In Stelios Georgiou v 'Christou Steliou Ioannou' Foundation the Employment Court recently ruled on the grounds for termination of employment once the legal retirement age (as under the Social Insurance Law (41/80)) has been reached.
Following his retirement as director of primary education, the applicant was hired by the respondents for the position of director of the foundation. During the course of his employment he had also been part of the foundation's educational staff. The retirement age for all of the foundation's staff members, including the applicant, was 65 years old. When the applicant's employment was terminated by the respondents he was 67 years old.
After he was dismissed, the applicant filed an application before the court, requesting the payment of all salary owed to him, plus benefits, annual leave and the proportion of his 13th-month salary.
In response, the respondents raised two preliminary objections relating to the jurisdiction of the Employment Court to hear the application in question. The respondents first mentioned that the application had no basis in law or fact and that the applicant was not legally entitled to bring proceedings before the court, as he had already reached the legal retirement age of 65 before the date of his dismissal by the respondents. For this reason, the respondents argued that the applicant was not legally entitled to claim the requested remedies from the court. Furthermore, and as a result of the previous objection, the respondents stressed that the court lacked jurisdiction to try the application, as the applicant had already reached the legal retirement age of 65, and should reject the application (based on the provisions of the Termination of Employment Law (24/67)).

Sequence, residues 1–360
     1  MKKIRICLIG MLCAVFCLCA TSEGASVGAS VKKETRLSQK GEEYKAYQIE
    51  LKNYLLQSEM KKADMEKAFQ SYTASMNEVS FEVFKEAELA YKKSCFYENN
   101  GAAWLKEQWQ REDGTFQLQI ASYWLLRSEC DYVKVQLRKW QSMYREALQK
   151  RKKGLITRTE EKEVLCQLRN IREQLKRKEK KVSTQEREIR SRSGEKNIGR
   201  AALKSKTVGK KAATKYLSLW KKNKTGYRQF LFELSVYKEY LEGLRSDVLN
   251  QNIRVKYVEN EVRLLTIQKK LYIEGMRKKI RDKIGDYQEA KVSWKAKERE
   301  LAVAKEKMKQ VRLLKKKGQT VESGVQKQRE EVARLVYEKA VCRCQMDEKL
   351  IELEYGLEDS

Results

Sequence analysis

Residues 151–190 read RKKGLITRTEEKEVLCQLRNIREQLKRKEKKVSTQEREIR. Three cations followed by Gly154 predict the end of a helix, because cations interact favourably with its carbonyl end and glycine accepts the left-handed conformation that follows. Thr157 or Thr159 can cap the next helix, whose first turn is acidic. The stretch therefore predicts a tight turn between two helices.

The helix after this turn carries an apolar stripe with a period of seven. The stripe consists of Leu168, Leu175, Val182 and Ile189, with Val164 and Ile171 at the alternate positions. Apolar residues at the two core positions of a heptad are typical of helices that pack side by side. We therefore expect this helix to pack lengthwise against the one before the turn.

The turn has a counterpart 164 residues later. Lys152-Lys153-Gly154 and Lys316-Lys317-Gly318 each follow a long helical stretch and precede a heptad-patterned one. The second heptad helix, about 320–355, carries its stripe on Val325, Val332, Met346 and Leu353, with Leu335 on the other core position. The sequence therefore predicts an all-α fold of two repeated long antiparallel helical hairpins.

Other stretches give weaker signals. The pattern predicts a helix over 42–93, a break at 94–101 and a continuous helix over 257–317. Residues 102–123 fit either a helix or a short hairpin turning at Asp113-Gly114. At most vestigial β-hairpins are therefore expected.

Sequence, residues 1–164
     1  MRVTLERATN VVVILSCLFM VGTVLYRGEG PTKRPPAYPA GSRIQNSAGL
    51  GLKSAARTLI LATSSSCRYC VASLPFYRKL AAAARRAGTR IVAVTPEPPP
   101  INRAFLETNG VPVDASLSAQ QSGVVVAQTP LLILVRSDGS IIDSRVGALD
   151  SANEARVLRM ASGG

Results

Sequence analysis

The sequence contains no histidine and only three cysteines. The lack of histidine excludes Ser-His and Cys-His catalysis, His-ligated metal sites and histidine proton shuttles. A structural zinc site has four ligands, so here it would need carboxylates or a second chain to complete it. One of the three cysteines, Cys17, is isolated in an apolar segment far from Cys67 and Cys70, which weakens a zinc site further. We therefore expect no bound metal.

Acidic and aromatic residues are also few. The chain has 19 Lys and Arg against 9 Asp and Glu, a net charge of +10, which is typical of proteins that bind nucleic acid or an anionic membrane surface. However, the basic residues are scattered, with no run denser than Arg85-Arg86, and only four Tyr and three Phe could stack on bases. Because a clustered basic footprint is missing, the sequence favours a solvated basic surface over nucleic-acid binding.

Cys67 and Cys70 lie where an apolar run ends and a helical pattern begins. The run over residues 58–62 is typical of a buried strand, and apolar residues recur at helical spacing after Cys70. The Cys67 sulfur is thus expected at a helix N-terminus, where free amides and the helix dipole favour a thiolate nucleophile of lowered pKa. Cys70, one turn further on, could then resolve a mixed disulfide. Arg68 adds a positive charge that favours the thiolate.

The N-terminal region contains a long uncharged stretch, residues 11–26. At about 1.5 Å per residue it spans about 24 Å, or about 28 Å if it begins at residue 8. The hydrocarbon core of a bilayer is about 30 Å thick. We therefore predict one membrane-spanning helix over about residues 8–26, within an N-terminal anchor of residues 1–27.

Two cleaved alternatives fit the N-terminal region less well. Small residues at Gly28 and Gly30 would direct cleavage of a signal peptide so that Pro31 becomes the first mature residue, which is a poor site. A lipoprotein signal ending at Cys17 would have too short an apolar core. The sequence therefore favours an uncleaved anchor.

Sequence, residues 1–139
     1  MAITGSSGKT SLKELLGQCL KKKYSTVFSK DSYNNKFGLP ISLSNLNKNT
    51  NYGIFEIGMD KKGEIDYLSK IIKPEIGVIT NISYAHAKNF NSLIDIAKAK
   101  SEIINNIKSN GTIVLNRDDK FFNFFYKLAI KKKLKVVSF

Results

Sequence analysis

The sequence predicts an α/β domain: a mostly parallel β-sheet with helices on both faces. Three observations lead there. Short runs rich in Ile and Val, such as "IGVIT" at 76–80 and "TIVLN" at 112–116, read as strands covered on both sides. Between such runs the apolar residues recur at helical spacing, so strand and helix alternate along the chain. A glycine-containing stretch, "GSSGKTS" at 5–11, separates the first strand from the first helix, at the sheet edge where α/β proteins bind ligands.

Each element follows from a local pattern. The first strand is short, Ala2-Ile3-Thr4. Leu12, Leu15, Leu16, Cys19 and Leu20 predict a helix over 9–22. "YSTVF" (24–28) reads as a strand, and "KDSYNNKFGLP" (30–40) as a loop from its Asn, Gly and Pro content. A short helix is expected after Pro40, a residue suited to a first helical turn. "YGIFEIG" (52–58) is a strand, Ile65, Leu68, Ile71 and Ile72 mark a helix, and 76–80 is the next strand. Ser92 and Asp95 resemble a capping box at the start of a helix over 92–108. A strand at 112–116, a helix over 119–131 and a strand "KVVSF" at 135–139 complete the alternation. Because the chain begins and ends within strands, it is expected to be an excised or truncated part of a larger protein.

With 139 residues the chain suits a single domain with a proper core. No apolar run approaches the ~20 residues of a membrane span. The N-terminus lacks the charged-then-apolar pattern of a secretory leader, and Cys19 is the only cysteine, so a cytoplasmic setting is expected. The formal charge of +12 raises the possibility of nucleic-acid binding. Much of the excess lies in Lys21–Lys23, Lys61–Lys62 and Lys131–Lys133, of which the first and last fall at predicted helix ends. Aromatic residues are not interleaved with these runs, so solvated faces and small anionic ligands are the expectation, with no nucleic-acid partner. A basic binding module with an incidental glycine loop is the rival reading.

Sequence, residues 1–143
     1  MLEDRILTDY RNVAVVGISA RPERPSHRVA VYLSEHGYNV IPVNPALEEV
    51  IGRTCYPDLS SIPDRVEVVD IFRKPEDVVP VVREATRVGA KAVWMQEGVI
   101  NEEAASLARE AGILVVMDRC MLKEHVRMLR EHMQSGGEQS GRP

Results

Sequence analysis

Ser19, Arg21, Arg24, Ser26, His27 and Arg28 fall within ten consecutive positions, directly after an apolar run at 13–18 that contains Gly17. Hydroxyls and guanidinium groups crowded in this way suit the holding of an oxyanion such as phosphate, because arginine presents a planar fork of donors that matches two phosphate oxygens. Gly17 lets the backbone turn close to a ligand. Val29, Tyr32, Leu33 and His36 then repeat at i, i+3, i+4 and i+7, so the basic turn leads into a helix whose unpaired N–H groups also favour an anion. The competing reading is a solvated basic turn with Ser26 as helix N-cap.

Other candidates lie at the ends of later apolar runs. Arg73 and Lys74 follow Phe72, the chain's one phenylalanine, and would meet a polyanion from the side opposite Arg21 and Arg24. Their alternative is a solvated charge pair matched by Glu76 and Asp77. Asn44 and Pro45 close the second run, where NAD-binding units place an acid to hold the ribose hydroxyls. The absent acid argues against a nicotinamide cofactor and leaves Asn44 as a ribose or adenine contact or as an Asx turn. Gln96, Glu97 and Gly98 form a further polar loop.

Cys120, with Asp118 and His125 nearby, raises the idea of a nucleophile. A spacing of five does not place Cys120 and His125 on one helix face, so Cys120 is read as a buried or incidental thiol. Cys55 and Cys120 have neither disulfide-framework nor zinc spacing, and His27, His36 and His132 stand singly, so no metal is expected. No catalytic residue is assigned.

After hearing both parties, the court found that both the preliminary objections were correct. Therefore, based on the provisions of the Termination of Employment Law, the applicant was not entitled to claim remedies, as the court's jurisdiction is limited to cases in which the dismissed person is under the legal retirement age.
The court then considered whether another court had jurisdiction to try the case under Article 64A(2) of the Courts of Justice Law (14/1960), as amended. The Employment Court applied the principle of ubi jus ubi remedium (ie, the right to a remedy) and referred to the cases of Elias Elia v Marina Alonefti and Elbee Ltd, in which the Supreme Court rejected the suggestion that no court had jurisdiction, as that could mean that a citizen is deprived of his or her right of access to the court and therefore to justice. Therefore, in the event that a case does not fall under the jurisdiction of the Employment Court, the District Court has jurisdiction to hear the case.
Taking the above principle into account, as well as its own lack of jurisdiction into consideration, the Employment Court found that the Nicosia District Court had the jurisdiction to deal with the case. The proceedings were therefore paused and the case was referred to the Nicosia District Court for consideration.
For further information on this topic please contact George Z Georgiou at George Z Georgiou & Associates LLC by telephone (+357 22 763 340), fax (+357 22 763 343) or email ([email protected]).